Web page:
Many of us fear that as we age we will need medical assistance. We strive throughout life to maintain insurance to pay for medical expenses while trying to save. Many of us also want to leave something for our children, so that they have an easier time in life than we did starting out. Perhaps the most meaningful asset to leave is the family home, for emotional as well as economic reasons.
Unlike Medicare, Medicaid is a government program for which you must qualify by having few assets and little income. However, certain assets, like a house, are considered “exempt” assets. In other words, your owning exempt assets will not disqualify you. Thus, you can have these assets and Medicaid will still pay for nursing home care. In fact, Medicaid pays approximately one-half of all nursing home expenses in the United States. However, the government wants you to repay the benefits at your death. Even exempt assets are subject to recovery by Medicaid upon your death. If you give assets away within three years of applying for Medicaid (30 months in California), typically that transfer will result in a period of ineligibility from Medicaid coverage. However, those assets are then no longer subject to recovery at your death.
In certain circumstances, you can transfer the family home during life and not risk disqualification:
- To your spouse.
- To your child who is under age twenty-one, blind, or disabled.
- To a brother or sister who has lived in the home for at least a year and already has a partial ownership interest in the house.
- To a child who has lived with you in the home for at least two years and has provided care to you that enabled you to stay at home and out of a nursing home.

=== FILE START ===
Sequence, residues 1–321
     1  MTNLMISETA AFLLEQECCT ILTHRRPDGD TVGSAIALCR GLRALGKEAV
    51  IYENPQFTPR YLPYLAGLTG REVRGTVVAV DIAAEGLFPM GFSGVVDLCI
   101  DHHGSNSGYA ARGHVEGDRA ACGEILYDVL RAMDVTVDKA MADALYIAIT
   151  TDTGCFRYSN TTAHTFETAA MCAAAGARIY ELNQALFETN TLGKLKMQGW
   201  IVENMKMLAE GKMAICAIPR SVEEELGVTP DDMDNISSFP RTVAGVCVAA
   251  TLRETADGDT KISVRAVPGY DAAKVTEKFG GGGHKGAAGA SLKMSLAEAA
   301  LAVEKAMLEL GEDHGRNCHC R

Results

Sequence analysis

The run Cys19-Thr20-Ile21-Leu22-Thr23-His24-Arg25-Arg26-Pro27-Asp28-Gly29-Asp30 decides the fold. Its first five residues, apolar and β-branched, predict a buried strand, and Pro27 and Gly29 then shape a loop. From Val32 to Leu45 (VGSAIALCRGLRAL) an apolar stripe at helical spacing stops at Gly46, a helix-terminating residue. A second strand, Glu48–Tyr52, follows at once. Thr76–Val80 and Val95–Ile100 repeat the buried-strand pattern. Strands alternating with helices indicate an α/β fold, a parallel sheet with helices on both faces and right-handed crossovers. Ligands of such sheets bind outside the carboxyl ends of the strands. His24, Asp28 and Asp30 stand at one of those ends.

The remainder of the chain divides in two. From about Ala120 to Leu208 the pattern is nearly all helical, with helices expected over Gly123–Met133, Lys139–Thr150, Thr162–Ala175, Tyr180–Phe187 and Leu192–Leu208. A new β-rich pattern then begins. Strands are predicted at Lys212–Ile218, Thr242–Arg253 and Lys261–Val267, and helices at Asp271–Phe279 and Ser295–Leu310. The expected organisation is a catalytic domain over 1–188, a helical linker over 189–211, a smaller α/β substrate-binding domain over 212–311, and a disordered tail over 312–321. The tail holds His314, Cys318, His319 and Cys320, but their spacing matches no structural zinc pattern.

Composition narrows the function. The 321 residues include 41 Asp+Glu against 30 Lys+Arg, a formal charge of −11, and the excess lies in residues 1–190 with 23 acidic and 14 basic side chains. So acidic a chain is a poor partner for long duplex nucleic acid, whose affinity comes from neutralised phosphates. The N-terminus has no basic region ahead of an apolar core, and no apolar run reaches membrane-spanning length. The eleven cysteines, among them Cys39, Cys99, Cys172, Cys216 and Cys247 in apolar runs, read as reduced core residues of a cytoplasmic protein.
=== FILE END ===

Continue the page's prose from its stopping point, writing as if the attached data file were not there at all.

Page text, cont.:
If you live in California, but only California, you are not limited to the four categories above – you can transfer the house to anyone without jeopardizing your Medicaid eligibility – as long as your home was exempt at the time you made the transfer.
Rather than transfer the entire home, you can choose to transfer only the “remainder interest” and retain a “life estate.” This allows you the peace of mind to know that you have an absolute and unqualified right to live in the house as long as you live – even if you have a falling out with your children. In addition, at your death the children will get an income tax basis in the house equal to its fair market value at that time. In other words, if your children eventually sell the house, their gain will be determined by subtracting the value as of your death from the sale price. If you were to give the entire house to the child (not retaining the life estate), the child’s income tax basis would be the same as yours – typically much lower than the house’s value at your death.
A qualified estate planning and elder law attorney can help you arrange your affairs so that you can qualify for Medicaid assistance while still preserving assets for your family.
Tab Artis is a member of the American Academy of Estate Planning Attorneys and has been engaged in the practice of law for the last fourteen years. For more information or to attend an upcoming seminar, click HERE to be directed to The Artis Law Firm’s Workshops page.